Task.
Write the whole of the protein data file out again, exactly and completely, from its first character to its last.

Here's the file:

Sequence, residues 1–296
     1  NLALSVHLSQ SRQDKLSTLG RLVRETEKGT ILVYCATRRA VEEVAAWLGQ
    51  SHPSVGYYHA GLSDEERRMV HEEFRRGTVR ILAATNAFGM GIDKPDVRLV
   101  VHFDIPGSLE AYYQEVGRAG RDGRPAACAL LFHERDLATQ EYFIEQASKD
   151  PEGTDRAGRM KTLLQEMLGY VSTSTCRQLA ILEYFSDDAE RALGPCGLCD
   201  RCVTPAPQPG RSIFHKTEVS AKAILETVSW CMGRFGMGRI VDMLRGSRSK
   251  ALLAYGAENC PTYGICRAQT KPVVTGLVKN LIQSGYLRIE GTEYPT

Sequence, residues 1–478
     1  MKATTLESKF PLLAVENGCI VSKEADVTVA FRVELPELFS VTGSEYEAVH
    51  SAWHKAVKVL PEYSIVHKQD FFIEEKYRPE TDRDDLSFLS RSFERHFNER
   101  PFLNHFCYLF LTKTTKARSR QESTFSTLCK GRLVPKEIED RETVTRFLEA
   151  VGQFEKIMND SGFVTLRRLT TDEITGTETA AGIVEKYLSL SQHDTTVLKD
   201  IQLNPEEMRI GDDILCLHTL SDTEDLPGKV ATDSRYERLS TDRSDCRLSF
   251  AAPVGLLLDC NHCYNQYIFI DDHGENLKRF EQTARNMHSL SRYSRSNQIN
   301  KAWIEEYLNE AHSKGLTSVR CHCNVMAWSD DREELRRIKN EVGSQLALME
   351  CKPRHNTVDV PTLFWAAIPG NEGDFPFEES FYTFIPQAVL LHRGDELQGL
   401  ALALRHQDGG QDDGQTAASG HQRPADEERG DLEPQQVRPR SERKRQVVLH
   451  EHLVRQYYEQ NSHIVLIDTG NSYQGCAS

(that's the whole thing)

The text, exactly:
Sequence, residues 1–296
     1  NLALSVHLSQ SRQDKLSTLG RLVRETEKGT ILVYCATRRA VEEVAAWLGQ
    51  SHPSVGYYHA GLSDEERRMV HEEFRRGTVR ILAATNAFGM GIDKPDVRLV
   101  VHFDIPGSLE AYYQEVGRAG RDGRPAACAL LFHERDLATQ EYFIEQASKD
   151  PEGTDRAGRM KTLLQEMLGY VSTSTCRQLA ILEYFSDDAE RALGPCGLCD
   201  RCVTPAPQPG RSIFHKTEVS AKAILETVSW CMGRFGMGRI VDMLRGSRSK
   251  ALLAYGAENC PTYGICRAQT KPVVTGLVKN LIQSGYLRIE GTEYPT

Sequence, residues 1–478
     1  MKATTLESKF PLLAVENGCI VSKEADVTVA FRVELPELFS VTGSEYEAVH
    51  SAWHKAVKVL PEYSIVHKQD FFIEEKYRPE TDRDDLSFLS RSFERHFNER
   101  PFLNHFCYLF LTKTTKARSR QESTFSTLCK GRLVPKEIED RETVTRFLEA
   151  VGQFEKIMND SGFVTLRRLT TDEITGTETA AGIVEKYLSL SQHDTTVLKD
   201  IQLNPEEMRI GDDILCLHTL SDTEDLPGKV ATDSRYERLS TDRSDCRLSF
   251  AAPVGLLLDC NHCYNQYIFI DDHGENLKRF EQTARNMHSL SRYSRSNQIN
   301  KAWIEEYLNE AHSKGLTSVR CHCNVMAWSD DREELRRIKN EVGSQLALME
   351  CKPRHNTVDV PTLFWAAIPG NEGDFPFEES FYTFIPQAVL LHRGDELQGL
   401  ALALRHQDGG QDDGQTAASG HQRPADEERG DLEPQQVRPR SERKRQVVLH
   451  EHLVRQYYEQ NSHIVLIDTG NSYQGCAS